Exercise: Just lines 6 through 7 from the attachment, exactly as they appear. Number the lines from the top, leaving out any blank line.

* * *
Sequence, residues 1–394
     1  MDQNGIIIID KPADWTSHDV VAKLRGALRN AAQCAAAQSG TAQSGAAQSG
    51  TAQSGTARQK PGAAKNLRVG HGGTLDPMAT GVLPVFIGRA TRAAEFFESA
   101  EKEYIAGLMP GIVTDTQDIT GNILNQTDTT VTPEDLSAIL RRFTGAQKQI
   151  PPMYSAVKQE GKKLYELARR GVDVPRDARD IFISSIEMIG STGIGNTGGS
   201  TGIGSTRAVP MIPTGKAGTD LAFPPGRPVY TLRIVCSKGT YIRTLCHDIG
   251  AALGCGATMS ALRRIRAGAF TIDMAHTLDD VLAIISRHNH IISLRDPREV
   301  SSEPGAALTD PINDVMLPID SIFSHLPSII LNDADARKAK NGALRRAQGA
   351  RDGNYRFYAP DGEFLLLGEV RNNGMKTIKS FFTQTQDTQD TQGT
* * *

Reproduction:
   201  TGIGSTRAVP MIPTGKAGTD LAFPPGRPVY TLRIVCSKGT YIRTLCHDIG
   251  AALGCGATMS ALRRIRAGAF TIDMAHTLDD VLAIISRHNH IISLRDPREV